Reviewed by Richard Tutin
What sets this book by international cricketer Dan Christian apart from the many cricketing books that are currently available? Surely the sport, like many other codes, has been well covered while every retiring cricketer seems to produce a memoir or autobiography soon after the conclusion of their playing career.
The main difference is that Dan Christian is still playing cricket at first class and international levels and intends to do so for a couple more years at least. I really hadn’t heard much about him until the Big Bash League T20 competition came on to our summer television screens a few years ago. Since I hadn’t been aware of him, I mistakenly thought that he was one of the many overseas cricketers who are brought in to enhance the various teams by giving some glamour to the series.
I subsequently found out that Dan is proud Wiradjuri man who hails from Narranderra in New South Wales. He is very proud of his indigenous heritage and has worked hard over the years to increase our understanding of First Nations’ culture. His down to earth approach has been appreciated by teammates who have responded to various initiatives with enthusiasm and respect.
The reason he drops under the radar as a cricketer is because he has chosen to concentrate on the T20 format of the game. Dan Christian is a freelance player who plies his skills playing in international T20 competitions in India, Pakistan, the West Indies, England and South Africa as well as Australia.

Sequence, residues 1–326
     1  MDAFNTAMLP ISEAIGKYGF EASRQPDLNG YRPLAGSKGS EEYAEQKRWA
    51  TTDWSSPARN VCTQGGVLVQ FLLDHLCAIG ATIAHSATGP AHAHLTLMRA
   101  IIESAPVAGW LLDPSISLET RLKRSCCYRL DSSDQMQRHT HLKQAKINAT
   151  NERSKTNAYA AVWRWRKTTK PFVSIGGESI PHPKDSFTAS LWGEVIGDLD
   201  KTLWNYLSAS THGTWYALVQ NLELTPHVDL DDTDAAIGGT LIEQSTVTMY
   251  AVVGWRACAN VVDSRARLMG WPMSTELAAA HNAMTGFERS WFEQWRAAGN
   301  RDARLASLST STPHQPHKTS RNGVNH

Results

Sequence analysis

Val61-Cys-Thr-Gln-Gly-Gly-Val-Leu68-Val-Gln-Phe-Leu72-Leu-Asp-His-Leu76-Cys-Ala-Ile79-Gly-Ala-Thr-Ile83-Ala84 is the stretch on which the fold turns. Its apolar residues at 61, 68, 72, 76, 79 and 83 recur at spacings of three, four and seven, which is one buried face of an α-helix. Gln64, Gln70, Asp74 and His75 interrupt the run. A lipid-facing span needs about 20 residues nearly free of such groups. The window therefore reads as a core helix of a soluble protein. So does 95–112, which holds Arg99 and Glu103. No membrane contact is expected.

Christian and Gideon Haigh have produced this book in a diary form that begins in April 2021 and concludes in January 2022. It documents what was a very hectic and at times bewildering situation as Christian and his partner Jorgia navigate the various bubbles that have been created by organisers to protect players from the Covid-19 virus and allow the different competitions to proceed. As well, Dan and Jorgia find out that they are to be parents for the first time.
Christian comments about the impact of interrupted training schedules along with the often-confusing rules of the different Covid bubbles. As well, he talks about his life growing up in country New South Wales and how he became the cricketer he is today.
While it is a personal account of what occurred during 2021, we could say that it is an unintended piece of social history describing how elite sports people and their officials responded to the current pandemic. Along with thrilling accounts of some of the games, Christian talks about the frustrations that occurred as players did their best to stay fit and healthy while conforming to the rules that often changed at the last minute in response to everchanging ways in which the Covid virus wreaked its havoc throughout the world.
It’s a reflection about what was a very difficult and turbulent year for cricket and sport in general. Christian’s decision to document it gives us a behind the scenes look at the various responses to the challenges thrown up by the Covid pandemic. I found it fascinating and enjoyable to read.
Dan Christian is one of the world’s most sought-after and best-travelled all-round cricketers. He has not only played 20 one-day and 23 T20 internationals for Australia, but also in T20 leagues in England, India, South Africa and the West Indies, as well as his own country, where he has represented teams in every state bar Western Australia. He is a proud Wiradjuri man from Narranderra in New South Wales. In 2018, he captained the Australian Aboriginal XI to England in the sesquicentenary of the famous indigenous team of 1868.
Gideon Haigh has written for more than a hundred newspapers and magazines. He has published more than 40 books, most recently The Brilliant Boy: Doc Evatt and the Great Australian Dissent. He is a life member of the South Yarra CC, where he has played for almost 30 years.
by Dan Christian with Gideon Haigh
ISBN 978 146076 117 5